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Category Archives: Understanding

i was quiet but i was not blind

This is one of many quotes that resonates with me.  I have been an observer all of my life and much of it has been of people.  As I have gotten older and lived through more experiences, I have been able to filter even more of those things that I have seen.  As an empathetic person, there have been people who have hurt, used (or misused), and abused my nature.  Wanting to believe the best of people can blind us to some and their true natures.  Since I could never imagine behaving that way, or treating another person in such a manner, it was shocking to me in the realization.

It has also become aware that people are not aware of the many aspects of their behavior that show over and over their nature and character beyond their words.  For example, someone who complains about the attention that they get and then does everything short of wearing spinning lights to get attention.  The words and actions do not correlate.

Another thing that has become clearer to me, over the years, is observing facial and body cues, and being able to understand without hearing the words how someone feels and how the communication is going.

That silence is a comfort for some who need some understanding and compassion without having to find the words, or speak about it before they are ready, to describe the hurt or loss that they have experienced.  At times, helping someone along by sharing that pain silently gives them strength and comfort.  If so, I am grateful to be able to provide such.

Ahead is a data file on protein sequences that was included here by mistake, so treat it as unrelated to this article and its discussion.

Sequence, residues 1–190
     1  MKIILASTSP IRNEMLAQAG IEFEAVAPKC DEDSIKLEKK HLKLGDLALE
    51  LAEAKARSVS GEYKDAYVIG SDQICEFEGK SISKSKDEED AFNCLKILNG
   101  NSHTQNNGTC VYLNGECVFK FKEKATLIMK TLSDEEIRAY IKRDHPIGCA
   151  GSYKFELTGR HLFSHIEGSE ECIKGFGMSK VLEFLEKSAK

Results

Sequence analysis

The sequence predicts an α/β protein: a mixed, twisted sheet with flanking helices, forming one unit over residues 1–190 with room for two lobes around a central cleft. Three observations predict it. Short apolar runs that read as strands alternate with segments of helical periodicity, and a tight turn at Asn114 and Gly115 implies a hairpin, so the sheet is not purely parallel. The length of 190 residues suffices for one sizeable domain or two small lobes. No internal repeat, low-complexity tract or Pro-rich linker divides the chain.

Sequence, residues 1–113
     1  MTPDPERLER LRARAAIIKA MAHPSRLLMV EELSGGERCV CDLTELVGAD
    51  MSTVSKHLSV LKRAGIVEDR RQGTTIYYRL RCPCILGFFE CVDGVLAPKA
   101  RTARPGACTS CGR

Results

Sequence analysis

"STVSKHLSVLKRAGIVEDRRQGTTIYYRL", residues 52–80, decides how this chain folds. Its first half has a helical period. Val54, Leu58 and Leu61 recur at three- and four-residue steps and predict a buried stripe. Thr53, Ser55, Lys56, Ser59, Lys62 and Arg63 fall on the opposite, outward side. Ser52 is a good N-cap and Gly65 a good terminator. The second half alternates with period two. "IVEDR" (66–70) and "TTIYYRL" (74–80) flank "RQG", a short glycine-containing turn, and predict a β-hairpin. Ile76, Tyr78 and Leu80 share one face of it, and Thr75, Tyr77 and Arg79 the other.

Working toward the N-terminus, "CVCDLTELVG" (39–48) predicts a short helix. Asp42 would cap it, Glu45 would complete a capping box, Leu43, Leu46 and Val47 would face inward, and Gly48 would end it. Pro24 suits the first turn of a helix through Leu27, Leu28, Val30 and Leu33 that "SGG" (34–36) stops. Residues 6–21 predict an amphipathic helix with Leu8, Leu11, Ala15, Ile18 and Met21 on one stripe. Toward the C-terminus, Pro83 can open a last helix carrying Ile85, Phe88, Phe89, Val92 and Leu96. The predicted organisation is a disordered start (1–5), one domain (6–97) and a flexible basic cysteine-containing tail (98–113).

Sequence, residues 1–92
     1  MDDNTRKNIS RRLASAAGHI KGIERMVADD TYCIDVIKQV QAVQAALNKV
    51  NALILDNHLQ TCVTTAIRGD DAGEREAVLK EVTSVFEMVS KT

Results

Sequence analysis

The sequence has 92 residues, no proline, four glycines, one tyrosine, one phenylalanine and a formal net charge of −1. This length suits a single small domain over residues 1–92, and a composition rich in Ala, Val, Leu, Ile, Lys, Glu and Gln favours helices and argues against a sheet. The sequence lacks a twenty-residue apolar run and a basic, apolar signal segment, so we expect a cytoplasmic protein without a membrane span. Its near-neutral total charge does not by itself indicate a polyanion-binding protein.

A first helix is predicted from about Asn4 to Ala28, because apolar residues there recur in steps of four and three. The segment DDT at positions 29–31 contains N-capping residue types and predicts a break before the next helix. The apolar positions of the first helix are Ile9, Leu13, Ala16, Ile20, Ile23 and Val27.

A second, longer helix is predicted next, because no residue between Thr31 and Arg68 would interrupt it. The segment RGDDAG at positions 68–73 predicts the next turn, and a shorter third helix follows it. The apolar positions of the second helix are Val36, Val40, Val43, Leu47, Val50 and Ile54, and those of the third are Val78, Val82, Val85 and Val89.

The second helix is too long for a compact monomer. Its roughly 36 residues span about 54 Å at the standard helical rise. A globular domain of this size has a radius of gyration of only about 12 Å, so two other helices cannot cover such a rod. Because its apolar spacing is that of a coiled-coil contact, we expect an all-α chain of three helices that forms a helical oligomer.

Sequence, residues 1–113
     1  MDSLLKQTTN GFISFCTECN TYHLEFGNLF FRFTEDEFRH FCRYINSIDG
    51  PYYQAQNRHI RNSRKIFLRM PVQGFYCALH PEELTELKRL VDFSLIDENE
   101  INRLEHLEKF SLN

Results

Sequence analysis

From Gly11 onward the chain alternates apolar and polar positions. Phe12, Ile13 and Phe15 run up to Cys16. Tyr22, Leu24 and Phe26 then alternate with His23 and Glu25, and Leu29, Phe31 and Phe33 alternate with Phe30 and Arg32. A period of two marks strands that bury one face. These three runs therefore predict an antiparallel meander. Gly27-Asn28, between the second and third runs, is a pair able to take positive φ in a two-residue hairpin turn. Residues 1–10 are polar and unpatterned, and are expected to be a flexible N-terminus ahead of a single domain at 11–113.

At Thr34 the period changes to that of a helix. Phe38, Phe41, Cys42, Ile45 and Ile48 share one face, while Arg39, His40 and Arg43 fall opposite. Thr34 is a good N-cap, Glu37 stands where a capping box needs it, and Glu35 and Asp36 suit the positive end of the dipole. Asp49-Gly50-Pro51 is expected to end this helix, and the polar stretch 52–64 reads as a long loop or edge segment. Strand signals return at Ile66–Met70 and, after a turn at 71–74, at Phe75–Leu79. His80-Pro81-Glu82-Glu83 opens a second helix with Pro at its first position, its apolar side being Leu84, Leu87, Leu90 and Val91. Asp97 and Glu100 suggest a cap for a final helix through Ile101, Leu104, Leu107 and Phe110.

Being observant and empathic is a lot of stimulus.  Indeed, perhaps, life would be easier if I could turn away or not pay so much attention.  The aspects of my brain and personality just won’t do it.  I come from a long line of observers of human nature and whether through nature, or nurturing it over many years, this is who I am.  For those who seek it out, it is a compassion that they are grateful for.  To those who are interviewing, they have come to trust my opinion and confirmed what I have seen.

But, like many observers, seeing so much needs to be kept quiet, for the truth can be overwhelming for others who are not ready to see or have chosen to look away.


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KIND-WORDS_mother theresa.jpg

This time of year can be so difficult for those who are still grieving.  Whether it is a loss of a person that breaks your heart, or you are grieving a divorce, job loss, estrangement with a loved one, there is a hole in your spirit.

Being forced to attend parties during the time of mourning, I remember trying to slap a smile on my face; I kept telling myself to keep it on even if it hurt to pretend. But, after awhile, it was exhausting.  There was too much false praise and gaiety; the noise and celebration became too much for me, and I had to excuse myself to leave the room.

One of the hardest things while mourning is the guilt about laughter.  I remember how badly I felt if something might make me smile and that it was inappropriate to enjoy when my heart was broken.  Quiet, and time to restore your personal strength, is so important as you mourn.  I look back and realize just how long I was mourning; I also realized that while I tried to behave like a “normal” person, my brain was actually in a fog of grief.  During that time, my trust was abused. Vulnerable, and not strong enough to fight back, I was treated badly.  That, in hindsight, was a cruel lesson that I could not fully acknowledge or reconcile for a long time.

So, when given the chance to defend someone else, or create understanding, I felt that I had to.


Grief takes time and mourning comes and goes.  No one can truly understand the memories that you share or the triggers that set off your emotional alarms.  Running to hide in the bathroom, or outside, to cry is understandable.  Yet, we are protecting others’ feelings while not honoring our own.